It isn’t an easy question to answer because it is so variable. There are many applications that go above and beyond and make stunning UIs using heavily customized components. To be fair, hybrid and native applications fall into this category. However, most of the applications on my device do not have a heavily customized UI. Every year Apple and Android come up with a new theme in their latest OS release. Remember Material Design a few years back? While it is not impossible to try to model your web components after native looking components, they never seem to actually feel the same or act the same as their native counterpart.

In NativeScript, because you’re using native components, you don’t have to jump through any hoops when it comes to designing your application the way that Apple and Android intended. When a new platform version releases, you’ll already be up to date on the latest theme in your application. This doesn’t mean you shouldn’t design them different, but at the most basic level, they will look and perform great regardless of what platform version you’re using.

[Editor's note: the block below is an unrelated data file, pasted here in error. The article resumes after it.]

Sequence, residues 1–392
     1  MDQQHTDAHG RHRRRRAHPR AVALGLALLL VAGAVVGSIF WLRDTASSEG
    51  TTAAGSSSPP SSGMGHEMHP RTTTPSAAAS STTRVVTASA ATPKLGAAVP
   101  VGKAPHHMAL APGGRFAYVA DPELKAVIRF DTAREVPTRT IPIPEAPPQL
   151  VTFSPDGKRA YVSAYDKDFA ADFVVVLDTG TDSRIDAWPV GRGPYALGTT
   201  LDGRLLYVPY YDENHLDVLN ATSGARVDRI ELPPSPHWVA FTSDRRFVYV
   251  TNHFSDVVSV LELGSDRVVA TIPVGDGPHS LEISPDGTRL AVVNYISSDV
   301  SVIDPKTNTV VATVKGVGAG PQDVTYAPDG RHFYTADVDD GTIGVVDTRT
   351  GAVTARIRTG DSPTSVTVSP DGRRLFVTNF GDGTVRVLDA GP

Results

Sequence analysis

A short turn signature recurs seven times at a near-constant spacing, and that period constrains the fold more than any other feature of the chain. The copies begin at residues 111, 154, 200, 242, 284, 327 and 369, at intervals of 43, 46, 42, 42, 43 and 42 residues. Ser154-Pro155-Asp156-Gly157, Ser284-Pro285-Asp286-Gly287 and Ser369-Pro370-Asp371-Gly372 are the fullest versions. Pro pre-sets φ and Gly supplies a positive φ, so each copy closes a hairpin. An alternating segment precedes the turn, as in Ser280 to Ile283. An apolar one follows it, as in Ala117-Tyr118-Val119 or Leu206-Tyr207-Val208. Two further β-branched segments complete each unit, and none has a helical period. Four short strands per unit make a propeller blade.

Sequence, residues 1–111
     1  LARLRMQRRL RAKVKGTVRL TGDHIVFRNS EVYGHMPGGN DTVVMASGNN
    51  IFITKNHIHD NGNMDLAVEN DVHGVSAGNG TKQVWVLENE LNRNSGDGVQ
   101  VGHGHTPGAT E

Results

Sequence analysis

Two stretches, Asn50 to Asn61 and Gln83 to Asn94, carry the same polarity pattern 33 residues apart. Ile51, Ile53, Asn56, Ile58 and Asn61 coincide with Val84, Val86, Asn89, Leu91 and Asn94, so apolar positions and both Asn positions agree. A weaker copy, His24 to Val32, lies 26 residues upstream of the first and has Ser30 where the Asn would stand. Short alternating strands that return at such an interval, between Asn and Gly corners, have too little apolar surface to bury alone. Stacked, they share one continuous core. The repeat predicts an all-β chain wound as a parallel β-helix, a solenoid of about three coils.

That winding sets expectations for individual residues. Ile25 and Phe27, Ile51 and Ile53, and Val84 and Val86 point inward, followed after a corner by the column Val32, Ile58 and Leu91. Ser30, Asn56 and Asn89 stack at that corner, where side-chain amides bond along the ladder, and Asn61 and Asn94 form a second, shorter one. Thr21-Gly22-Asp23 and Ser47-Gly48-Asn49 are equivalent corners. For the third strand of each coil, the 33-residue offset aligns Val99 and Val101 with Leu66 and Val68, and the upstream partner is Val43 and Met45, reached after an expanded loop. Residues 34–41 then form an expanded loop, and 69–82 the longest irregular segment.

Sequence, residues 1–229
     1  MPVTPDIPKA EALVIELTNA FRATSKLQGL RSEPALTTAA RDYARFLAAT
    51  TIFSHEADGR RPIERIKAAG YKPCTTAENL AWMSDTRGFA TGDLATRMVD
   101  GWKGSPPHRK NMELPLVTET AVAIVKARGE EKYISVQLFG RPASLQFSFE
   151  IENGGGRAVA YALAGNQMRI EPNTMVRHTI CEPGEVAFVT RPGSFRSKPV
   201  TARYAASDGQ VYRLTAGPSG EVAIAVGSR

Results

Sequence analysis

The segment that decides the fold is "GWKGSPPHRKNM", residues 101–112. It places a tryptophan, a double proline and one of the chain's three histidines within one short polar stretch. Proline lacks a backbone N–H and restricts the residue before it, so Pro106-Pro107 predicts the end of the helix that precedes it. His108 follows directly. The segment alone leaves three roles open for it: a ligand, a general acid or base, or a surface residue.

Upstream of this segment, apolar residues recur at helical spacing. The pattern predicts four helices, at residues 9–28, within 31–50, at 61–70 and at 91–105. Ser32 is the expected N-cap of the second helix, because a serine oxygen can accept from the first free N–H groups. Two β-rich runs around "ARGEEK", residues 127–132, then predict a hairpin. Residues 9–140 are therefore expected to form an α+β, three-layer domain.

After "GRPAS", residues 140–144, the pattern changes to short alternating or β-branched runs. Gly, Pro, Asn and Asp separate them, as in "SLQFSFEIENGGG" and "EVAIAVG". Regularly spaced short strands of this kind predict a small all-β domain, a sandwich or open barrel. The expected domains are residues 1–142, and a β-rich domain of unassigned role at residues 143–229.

Interacting Directly with Native Features is Complicated in a Hybrid Application

When it comes to device features, such as touch id for example, you can’t exactly make use of them strictly via a web application. In these circumstances plugins are available that enable interaction between the web application and native device.

Let’s take Apache Cordova for example. Let’s say that we want to scan barcodes, so we include the phonegap-plugin-barcodescanner plugin into our project like so:

cordova plugin add phonegap-plugin-barcodescanner

According to the documentation, we can scan for barcodes within our Android and iOS mobile application like so:

cordova.plugins.barcodeScanner.scan(successCallback, errorCallback, options);

Nothing above was terribly difficult. The barcode scanner plugin makes use of the device camera and parses the information from any scanned barcode from the list of compatible barcode types defined in the documentation.